Earnings Claims of Top Franchises Revealed

Earnings Claims of Top Franchises Revealed

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Franchise Costs: Detailed Estimates of Hooters Franchise Costs (2016 FDD)

by Franchise Chatter on August 9, 2015

in Franchise Costs, Restaurant Franchise, Sports Bar Franchise

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Hooters Interipr Photo 4

This post was updated on November 28, 2016 to reflect information from Hooters’ 2016 FDD (Item 7).

Detailed Estimates of Hooters Franchise Costs Based on Item 7 (Estimated Initial Investment) of Hooters’ 2016 Franchise Disclosure Document

  • This chart assumes that you have proceeded in a timely manner with site selection and construction, and that you have not had to pay any fee to extend the time for opening your Restaurant.

1.  Initial Franchise Fee:  $75,000

2.  Real Estate Lease Payments:  $7,000 to $50,000

  • Typical Hooters restaurants are free-standing, located in suburban areas, and contain 5,000 to 7,000 square feet of space.

3.  Liquor License:  $5,000 to $150,000

  • The cost of a liquor license can be significantly higher in a few states where the number of licenses is severely restricted or available only from an existing holder.
  • You should retain legal counsel specialized in obtaining and maintaining liquor licenses.

4.  Improvements/Signage:  $1,200,000 to $1,600,000

  • The figures shown include estimated costs of construction using an architect or engineer the franchisor approves to prepare site layout plans and specifications that conform to the franchisor’s requirements, furnishing the franchisor with these materials, obtaining approval of your plans and specifications from the landlord and local building authorities, and employing a qualified representative to supervise construction or remodeling of the Restaurant.

5.  Equipment, Furniture, Fixtures, Supplies, and Smallwares:  $550,000 to $600,000

  • You must acquire all equipment, smallwares, supplies, and fixtures you will need to operate the Restaurant, including cash registers and back office computer hardware and software.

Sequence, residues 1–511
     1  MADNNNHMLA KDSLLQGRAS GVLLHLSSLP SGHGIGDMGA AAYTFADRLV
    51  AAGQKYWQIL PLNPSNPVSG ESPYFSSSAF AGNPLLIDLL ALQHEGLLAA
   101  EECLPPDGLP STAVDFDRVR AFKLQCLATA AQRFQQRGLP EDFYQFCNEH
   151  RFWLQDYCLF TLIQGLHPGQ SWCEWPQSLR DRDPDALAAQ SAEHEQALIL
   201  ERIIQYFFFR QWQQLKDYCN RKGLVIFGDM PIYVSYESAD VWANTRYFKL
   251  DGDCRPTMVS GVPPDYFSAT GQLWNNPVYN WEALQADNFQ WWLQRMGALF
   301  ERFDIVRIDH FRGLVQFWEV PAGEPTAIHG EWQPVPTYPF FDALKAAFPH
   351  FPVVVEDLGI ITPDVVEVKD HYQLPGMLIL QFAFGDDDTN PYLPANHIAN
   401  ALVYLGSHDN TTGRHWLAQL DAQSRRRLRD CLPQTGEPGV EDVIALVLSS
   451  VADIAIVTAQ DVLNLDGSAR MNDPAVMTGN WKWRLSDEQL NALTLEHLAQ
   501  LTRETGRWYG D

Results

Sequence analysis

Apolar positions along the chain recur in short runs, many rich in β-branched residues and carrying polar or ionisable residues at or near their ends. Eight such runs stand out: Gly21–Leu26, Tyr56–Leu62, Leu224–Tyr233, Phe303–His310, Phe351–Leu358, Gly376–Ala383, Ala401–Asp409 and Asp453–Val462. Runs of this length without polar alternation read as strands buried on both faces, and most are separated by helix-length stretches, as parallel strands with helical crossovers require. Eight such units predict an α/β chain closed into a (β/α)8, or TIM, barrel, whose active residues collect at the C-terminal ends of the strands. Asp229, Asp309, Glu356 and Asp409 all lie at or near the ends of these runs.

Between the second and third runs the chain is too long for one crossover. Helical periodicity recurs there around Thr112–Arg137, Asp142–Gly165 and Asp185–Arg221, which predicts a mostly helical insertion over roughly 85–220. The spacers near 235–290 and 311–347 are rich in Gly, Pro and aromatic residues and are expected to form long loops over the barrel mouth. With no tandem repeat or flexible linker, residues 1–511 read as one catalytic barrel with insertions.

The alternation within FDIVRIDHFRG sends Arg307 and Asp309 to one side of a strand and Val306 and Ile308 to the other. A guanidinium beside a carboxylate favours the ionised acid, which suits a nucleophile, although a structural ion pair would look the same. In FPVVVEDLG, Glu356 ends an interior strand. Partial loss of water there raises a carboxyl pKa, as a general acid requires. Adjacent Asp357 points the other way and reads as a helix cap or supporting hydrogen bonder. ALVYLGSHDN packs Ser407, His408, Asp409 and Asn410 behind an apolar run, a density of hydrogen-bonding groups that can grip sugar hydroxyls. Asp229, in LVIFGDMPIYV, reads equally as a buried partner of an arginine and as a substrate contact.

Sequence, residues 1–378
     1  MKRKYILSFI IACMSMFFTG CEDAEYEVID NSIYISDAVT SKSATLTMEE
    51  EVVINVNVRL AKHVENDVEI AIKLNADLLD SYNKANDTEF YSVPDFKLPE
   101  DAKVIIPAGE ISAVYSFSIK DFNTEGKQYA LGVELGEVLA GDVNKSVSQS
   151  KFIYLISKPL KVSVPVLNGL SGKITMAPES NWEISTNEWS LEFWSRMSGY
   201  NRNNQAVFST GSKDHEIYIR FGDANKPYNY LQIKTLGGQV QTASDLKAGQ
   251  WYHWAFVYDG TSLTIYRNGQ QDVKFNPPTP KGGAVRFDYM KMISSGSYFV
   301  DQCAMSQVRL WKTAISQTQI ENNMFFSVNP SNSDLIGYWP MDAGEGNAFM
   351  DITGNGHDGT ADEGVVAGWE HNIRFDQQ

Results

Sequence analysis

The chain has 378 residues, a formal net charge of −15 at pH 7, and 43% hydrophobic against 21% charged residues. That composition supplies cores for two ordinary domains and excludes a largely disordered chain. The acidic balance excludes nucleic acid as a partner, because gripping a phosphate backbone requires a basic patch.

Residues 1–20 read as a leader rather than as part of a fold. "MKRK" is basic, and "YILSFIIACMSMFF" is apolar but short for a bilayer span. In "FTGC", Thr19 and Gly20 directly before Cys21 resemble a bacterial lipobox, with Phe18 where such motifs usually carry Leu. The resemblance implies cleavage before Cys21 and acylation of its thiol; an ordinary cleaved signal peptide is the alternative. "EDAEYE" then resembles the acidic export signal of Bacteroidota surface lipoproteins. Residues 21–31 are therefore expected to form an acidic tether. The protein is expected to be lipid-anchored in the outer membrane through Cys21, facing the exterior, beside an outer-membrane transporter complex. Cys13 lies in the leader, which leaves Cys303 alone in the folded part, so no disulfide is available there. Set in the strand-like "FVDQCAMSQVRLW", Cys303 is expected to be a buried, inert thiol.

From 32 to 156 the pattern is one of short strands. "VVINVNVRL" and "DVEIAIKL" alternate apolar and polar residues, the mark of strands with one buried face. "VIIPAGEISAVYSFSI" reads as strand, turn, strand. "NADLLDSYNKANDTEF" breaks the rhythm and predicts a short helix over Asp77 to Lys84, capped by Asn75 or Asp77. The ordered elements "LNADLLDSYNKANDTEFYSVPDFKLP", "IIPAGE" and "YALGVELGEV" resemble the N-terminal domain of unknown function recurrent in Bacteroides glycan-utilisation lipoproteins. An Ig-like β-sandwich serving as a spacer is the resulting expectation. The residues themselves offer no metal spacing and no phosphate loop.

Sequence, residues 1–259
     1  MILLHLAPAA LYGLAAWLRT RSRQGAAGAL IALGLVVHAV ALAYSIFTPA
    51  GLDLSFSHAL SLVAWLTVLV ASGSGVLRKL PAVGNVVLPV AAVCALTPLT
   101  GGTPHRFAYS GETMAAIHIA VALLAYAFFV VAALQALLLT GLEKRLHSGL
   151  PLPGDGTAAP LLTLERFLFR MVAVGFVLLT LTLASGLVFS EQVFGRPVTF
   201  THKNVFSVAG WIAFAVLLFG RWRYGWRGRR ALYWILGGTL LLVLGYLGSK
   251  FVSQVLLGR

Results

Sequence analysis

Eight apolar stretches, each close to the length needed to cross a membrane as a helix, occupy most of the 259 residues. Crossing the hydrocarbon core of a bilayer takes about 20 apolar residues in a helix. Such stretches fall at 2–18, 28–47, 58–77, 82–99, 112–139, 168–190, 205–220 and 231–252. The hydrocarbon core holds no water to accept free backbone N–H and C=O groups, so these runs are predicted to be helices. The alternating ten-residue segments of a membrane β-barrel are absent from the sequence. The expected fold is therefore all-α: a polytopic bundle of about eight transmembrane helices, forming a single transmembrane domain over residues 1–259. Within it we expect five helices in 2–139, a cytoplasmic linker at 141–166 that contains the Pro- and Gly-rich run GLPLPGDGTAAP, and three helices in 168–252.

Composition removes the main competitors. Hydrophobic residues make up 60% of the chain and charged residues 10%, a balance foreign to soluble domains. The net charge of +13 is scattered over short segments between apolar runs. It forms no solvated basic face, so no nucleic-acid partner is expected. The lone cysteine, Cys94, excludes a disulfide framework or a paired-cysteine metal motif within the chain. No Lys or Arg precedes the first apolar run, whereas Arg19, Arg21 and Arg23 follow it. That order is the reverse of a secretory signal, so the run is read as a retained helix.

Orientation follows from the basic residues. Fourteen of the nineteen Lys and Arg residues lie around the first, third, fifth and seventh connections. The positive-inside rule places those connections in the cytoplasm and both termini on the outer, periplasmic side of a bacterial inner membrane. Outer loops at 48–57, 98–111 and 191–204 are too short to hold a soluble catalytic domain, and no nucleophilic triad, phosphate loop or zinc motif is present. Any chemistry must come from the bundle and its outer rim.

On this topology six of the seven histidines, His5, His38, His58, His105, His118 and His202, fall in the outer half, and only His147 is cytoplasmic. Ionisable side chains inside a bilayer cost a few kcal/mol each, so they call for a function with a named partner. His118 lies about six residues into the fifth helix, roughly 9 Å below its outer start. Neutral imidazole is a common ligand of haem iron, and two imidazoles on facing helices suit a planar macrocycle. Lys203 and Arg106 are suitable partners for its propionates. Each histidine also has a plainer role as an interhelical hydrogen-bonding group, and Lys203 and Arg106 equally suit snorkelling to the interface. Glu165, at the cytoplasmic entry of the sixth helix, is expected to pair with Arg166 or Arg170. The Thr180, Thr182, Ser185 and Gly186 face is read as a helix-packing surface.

• You may obtain the necessary equipment, furniture, and fixtures from approved suppliers or other vendors you choose.

6.  Initial Inventory:  $25,000 to $100,000

  • You must stock your Restaurant with an opening inventory of food, beverages, and merchandise. The franchisor will help you plan your initial inventory.

7.  Labor and Training:  $65,000 to $140,000

  • This amount includes all compensation expenses and other expenses you and your employees will incur in attending the management training. These expenses include transportation, lodging, meals, and wages of your attendees.
  • You should anticipate that it will require 17 weeks to train a Director of Operations, 13 weeks to train a General Manager, and 9 weeks to train an entry-level Assistant Manager.
  • This amount also includes amounts you must reimburse the franchisor for the expenses of its front-of-house trainers, back-of-house trainers, and bar trainers.

8.  Initial Advertising:  $10,000 to $50,000

  • You do not have to spend a specific dollar amount on initial advertising or grand opening activities for your Restaurant. In the franchisor’s experience, you will spend the amount shown in the chart on television, radio, print, or billboard advertising for the opening of the Restaurant.

9.  Insurance:  $45,000 to $100,000

  • The amount shown in the chart is the estimated annual premiums for the insurance.

10.  Professional Fees:  $20,000 to $100,000

  • The estimates shown include accountant’s fees for setting up your accounting and bookkeeping systems, and attorneys’ fees for forming your company, reviewing the Franchise Agreement, and negotiating your lease.
  • The low range assumes that you do not have to engage legal counsel to respond to government resistance to the Hooters concept in a particular jurisdiction. The high range assumes you engage legal counsel, and that your legal fees and costs to overcome governmental resistance are $65,000. Your legal fees and costs may be higher.
  • You should investigate the likelihood of governmental resistance before you sign the Franchise Agreement.

11.  Deposits, Licenses, and Other Prepaid Expenses:  $4,500 to $35,000

  • These costs include business licenses, deposits for utilities, deposits for real property leases, prepaid expenses, and other miscellaneous costs you will incur in opening your Restaurant.

12.  Additional Funds – 3 months:  $50,000 to $150,000

  • The figures include payroll costs (but no salary or draw for the owners of the Franchise unless they are acting in the capacity of a Restaurant manager), health insurance costs, and office support services.
  • The range shown assumes that non-food merchandise inventory turns at a rate of 6 to 12 times per year and you replace the entire inventory one time (during the first month of operation) before your cash flow is sufficient to cover your operating expenses and merchandise purchases.

13.  Estimated Total:  $2,056,500 to $3,150,000

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